BWW Reviews: Jeremy Crutchley Transforms into the SACRED ELEPHANT to Deliver a Message of Hope and Understanding
As the title implies, SACRED ELEPHANT is concerned with man's relationship with the planet's largest land mammal. Ancient, intelligent, social and beautiful, the pachyderm has captured the imagination of man for millennia. Indeed, the elephant has approached the status of a deity in some cultures. So powerful a creature is the huge beast that it has only one natural enemy: man.
Man slays elephants for trophies and for meat. The animals' tusks are pulled for the value of their ivory and for their ornamental properties. Elephant feet have been used to fashion customized wastebaskets. We have held them captive in zoos, so they can be gawked at by spectators. We've trained them to do tricks in circuses, when we haven't caged them. The continued existence of elephants in the coming decades is open to question. Attention must be paid, as the fate of the elephants casts a reflection on what will happen to us.
Actor Jeremy Crutchley and his director Geoffrey Hyland have taken the long poem SACRED ELEPHANT by Heathcote Williams and adapted it for the stage. Crutchley's third solo show explores both Man and Elephant through an ambivalent character called The Other, to demonstrate the conduct, contact and conflict between the two species as well as a possible preview of their ultimate fates.
Having lived in South Africa (where SACRED ELEPHANT made its debut prior to its U.S. premiere in New York City), Crutchley has had more exposure to African elephants in the wild than those of us in the Western Hemisphere where we are relegated to the zoo or a circus to marvel at our planet's largest land mammal. And of course being an animal lover, I have heard the horrific news reports of elephants being killed just for their tusks. But what I learned in this show is that because elephants know their tusks put them at risk, female elephants now seek out males who have smaller tusks for their mates. Thus elephants are using natural selection to cut down the risk of their own demise.
Crutchley embodies the persona of an African elephant from the moment he takes the stage. Dressed in a large gray overcoat with his gray face and matted hair thanks to costume designer Illka Louw, each time he sweeps around the stage you will feel you are watching the large pachyderm rather than a man. With his text verging on Shakespearean delivery, Crutchley takes on the rage of King Lear when it comes to describing man's inhumanity to elephants and what disaster may come from it. You can't help but focus on his intensity and listen with mind-opening concentration.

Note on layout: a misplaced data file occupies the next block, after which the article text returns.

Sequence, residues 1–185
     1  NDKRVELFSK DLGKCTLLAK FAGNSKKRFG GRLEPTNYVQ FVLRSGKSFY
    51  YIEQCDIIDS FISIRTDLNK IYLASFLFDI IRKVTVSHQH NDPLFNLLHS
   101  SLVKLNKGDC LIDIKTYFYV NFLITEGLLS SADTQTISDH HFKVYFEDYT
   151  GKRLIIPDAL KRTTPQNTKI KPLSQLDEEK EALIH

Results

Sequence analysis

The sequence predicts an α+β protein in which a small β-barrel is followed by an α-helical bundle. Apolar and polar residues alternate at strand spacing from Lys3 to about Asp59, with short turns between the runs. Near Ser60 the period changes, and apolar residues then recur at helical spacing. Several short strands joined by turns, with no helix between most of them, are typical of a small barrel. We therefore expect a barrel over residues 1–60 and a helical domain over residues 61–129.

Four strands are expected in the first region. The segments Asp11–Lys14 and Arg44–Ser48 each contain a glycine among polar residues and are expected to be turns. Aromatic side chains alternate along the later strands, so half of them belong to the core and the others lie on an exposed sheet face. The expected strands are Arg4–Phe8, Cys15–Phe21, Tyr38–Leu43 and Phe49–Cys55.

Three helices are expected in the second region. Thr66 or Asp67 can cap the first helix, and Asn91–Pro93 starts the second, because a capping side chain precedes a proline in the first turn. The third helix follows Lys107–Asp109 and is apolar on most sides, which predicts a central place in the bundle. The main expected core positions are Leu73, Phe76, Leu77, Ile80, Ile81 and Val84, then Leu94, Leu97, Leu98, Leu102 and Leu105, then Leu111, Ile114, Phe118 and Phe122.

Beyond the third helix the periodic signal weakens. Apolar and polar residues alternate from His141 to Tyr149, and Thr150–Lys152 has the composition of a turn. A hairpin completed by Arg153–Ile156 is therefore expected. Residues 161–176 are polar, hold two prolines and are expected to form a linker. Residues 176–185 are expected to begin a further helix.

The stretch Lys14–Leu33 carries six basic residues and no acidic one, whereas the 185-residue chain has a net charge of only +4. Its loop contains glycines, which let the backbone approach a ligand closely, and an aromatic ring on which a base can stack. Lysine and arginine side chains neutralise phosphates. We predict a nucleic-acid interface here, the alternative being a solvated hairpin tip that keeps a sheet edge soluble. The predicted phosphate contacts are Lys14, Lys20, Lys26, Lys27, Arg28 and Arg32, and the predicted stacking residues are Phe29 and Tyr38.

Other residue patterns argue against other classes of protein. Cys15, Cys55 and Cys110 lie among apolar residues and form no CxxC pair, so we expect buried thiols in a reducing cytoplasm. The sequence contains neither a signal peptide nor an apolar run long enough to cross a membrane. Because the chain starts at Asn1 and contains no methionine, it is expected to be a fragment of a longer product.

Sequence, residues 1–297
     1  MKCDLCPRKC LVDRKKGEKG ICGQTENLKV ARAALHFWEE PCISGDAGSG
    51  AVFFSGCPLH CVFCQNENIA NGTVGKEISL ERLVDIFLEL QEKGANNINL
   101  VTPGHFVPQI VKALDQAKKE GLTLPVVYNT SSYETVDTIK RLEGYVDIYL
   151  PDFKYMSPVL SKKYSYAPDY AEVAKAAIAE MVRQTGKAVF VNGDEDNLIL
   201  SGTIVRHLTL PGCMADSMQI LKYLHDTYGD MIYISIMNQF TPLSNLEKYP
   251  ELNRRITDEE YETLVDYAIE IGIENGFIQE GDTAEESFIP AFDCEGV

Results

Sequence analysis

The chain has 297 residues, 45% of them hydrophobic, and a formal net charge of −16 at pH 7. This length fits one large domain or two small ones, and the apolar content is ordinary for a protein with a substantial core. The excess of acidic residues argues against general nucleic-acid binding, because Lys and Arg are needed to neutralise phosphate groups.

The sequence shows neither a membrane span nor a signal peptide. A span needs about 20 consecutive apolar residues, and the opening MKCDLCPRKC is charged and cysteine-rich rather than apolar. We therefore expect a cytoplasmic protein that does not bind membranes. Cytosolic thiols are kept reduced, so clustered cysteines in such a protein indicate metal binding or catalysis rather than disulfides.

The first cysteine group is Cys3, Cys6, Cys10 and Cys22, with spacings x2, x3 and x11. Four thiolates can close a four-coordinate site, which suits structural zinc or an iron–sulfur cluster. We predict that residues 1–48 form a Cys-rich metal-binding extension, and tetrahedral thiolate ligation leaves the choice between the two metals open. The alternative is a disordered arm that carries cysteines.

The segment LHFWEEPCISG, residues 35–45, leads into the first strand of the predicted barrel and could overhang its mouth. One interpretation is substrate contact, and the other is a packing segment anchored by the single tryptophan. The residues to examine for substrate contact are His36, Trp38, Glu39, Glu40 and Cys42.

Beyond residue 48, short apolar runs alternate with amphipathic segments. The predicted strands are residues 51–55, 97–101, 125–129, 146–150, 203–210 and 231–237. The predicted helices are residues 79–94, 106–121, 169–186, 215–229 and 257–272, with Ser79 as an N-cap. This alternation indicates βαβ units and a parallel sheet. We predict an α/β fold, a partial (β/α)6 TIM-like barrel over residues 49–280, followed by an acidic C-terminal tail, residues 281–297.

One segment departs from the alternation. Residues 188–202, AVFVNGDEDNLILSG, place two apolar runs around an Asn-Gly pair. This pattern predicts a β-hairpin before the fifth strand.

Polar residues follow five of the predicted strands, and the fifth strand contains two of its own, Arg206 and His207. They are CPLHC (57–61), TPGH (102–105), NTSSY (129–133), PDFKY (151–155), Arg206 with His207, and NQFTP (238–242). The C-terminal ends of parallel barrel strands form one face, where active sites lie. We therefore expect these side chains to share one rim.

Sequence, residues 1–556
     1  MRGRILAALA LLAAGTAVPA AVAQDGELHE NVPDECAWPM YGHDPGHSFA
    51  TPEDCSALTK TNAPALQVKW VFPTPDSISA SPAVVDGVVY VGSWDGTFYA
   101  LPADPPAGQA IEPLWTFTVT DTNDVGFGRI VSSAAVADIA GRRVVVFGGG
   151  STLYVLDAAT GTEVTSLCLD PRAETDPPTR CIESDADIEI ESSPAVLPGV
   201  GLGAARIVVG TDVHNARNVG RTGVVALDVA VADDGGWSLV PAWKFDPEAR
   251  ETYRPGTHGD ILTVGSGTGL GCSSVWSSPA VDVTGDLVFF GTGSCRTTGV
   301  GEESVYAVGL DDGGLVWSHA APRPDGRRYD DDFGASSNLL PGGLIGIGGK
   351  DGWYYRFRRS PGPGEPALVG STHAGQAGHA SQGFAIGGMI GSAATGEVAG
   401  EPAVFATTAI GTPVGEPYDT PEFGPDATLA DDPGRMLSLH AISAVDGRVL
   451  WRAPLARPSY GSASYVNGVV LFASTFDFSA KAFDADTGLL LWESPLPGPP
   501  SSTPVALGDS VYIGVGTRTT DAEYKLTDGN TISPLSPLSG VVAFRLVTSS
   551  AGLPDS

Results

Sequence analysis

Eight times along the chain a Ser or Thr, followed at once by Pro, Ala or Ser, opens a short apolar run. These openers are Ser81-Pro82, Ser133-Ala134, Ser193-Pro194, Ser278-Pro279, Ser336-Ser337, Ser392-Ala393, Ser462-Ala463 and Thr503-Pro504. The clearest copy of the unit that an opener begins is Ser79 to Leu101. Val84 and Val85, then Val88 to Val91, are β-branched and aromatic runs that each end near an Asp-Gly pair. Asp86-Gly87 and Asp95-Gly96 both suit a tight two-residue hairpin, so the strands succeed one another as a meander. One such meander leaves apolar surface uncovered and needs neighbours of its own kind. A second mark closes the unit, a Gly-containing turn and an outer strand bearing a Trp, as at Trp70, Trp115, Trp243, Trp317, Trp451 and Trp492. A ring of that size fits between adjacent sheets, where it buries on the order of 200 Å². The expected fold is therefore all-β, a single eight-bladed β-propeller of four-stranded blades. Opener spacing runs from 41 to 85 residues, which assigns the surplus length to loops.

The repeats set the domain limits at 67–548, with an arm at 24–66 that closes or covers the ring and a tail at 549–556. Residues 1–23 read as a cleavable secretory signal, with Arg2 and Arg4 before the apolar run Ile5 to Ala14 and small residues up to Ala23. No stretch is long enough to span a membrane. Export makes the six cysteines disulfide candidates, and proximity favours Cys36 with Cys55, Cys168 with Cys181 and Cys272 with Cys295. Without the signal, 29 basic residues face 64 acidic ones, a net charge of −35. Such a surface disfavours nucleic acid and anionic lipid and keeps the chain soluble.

Other interesting facts shared by Crutchley: The ears of African elephants resemble the continent of Africa. Elephants have been associated with great wisdom and knowledge, represented in ancient religious symbols from many cultures including the Romans, Greeks, and Hindus with their God Ganesh, the remover of obstacles, represented as being half elephant.
As he described their life cycle, Crutchley's body movements easily transformed his arms into two intertwining trunks during elephant foreplay, described with great love and reverence. Elephants are pregnant for two years and give birth in a circle, surrounded by family members who act as mid-wives, open to mercy killing when needed. In fact, elephants know how to take care of each other medically and can lower their own metabolic rate, breathing only 12 times per minute. And if it is for the greater good, an elephant will commit suicide to save his clan. Certainly man underestimates their intelligence, given an elephant's brain weighs nine pounds at birth.
Thanks to SACRED ELEPHANT, I now have a better understanding of how much man has in common with the elephant, including the ability to express many emotions and being a real caregiver to members of their family and loved ones. And it is up to us to be sure this intelligent and loving pachyderm will thrive so we, in turn, can do the same. The show is both a warning and an emblem of hope.
"What happens to beasts will happen to man. All things are connected. If the great beasts are gone, man will surely die of a great loneliness of spirit."---Chief Seattle, 1884
SACRED ELEPHANT, the West Coast Premiere of a new show adapted by Jeremy Crutchley and Geoffrey Hyland from the poem by Heathcote Williams. Directed by Geoffrey Hyland. Presented by SheerNerve Productions and BuyArt. A guest production at The Odyssey Theatre, 2055 S. Sepulveda Blvd., Los Angeles, CA 90025, starring Jeremy Crutchley.
Opens July 25, 2014 at 8:00 p.m. Runs through August 17. Regular show times: Thurs.- Sat. at 8:00, Sun. at 2:00. ESTIMATED RUNNING TIME: 70 minutes.